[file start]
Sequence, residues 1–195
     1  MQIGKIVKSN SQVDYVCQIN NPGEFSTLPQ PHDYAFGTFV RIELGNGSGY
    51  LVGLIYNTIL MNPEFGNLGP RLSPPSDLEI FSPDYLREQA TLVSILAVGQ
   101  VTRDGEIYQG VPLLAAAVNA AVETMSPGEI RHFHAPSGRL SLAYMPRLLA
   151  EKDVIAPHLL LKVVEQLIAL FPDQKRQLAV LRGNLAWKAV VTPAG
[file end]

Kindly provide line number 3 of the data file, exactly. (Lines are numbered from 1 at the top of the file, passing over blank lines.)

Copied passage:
    51  LVGLIYNTIL MNPEFGNLGP RLSPPSDLEI FSPDYLREQA TLVSILAVGQ